In addition, it’s likely that WGX139 was not raised on milkweed. Bradenton’s butterflies often consume Calatropis gigantea or Calatropis procera, members of the dogbane family. Butterfly breeders sometimes use this African native because it has such enormous leaves and provides ample fodder for hungry caterpillars. It has similar chemical properties to milkweed.
“That’s a pretty interesting event,” said Dr. Lincoln Brower, one of the foremost Monarch butterfly experts in the world. “It shows that they’re adapting to local conditions in Texas, otherwise they wouldn’t get to Mexico.”
“That’s interesting. That’s very interesting,” said Dr. Chip Taylor, founder of the University of Kansas’ Monarch Watch tagging program used by Singleton and thousands of others who participate in the citizen science initiative. “I imagine a few will do it, but I can’t imagine very many of them will do it. It depends on how you handle them and what the temperatures are when they’re released.”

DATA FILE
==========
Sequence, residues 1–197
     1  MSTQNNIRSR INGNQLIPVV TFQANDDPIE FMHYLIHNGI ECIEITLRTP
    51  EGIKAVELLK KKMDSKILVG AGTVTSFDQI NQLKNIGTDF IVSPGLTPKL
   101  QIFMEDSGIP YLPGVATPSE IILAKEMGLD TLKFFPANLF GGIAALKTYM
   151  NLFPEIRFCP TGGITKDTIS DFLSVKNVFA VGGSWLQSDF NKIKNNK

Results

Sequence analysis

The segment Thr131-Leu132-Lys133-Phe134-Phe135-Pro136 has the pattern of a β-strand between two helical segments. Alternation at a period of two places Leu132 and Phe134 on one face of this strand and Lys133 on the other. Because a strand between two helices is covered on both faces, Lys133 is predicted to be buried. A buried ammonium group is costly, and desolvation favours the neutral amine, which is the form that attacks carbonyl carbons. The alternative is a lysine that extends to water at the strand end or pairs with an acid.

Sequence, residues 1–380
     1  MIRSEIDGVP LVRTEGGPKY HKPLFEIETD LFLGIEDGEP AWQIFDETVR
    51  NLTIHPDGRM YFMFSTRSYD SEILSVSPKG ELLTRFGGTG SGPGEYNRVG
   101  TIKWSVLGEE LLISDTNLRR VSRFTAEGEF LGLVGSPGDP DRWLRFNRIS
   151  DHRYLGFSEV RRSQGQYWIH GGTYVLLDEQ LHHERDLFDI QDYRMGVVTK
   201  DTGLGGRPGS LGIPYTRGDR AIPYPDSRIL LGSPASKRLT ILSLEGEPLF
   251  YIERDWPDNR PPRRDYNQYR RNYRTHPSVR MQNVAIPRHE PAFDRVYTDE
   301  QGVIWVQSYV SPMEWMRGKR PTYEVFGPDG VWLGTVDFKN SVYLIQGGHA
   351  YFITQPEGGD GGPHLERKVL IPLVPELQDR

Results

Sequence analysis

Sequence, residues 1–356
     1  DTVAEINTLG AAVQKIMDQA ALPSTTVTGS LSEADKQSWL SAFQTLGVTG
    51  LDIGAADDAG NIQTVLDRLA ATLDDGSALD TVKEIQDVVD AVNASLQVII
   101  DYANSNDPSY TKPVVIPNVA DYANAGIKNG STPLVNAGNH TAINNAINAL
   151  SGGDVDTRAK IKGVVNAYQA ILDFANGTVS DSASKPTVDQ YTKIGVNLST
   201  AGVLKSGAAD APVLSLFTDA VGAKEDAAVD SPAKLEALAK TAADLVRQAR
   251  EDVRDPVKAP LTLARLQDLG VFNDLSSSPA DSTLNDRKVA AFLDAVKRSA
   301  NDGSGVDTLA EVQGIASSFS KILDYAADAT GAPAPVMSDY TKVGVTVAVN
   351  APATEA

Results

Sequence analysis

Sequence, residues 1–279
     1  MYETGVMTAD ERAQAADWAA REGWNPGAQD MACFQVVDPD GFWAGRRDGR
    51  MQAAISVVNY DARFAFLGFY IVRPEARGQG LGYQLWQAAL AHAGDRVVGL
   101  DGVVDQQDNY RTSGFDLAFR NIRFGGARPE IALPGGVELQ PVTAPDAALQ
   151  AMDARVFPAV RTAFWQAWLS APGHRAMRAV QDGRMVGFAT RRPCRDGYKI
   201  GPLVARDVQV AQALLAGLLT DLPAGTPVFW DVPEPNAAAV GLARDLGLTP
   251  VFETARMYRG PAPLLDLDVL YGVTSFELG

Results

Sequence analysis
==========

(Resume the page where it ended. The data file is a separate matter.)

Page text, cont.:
Dr. Karen Oberhauser of Monarch Joint Venture doesn’t think that a single Monarch making it to Mexico should dismiss concerns of disease and the other perceived threats caused by commercial butterfly rearing and mass releases. When asked to comment, she directed us to a webpage devoted to the dangers of captive breeding and mass releases–disease, dilution of the gene pool, and interference with scientific studies of population dynamics. WGX139’s international travels and arrival in Mexico “doesn’t really argue against these concerns,” said Oberhauser via email.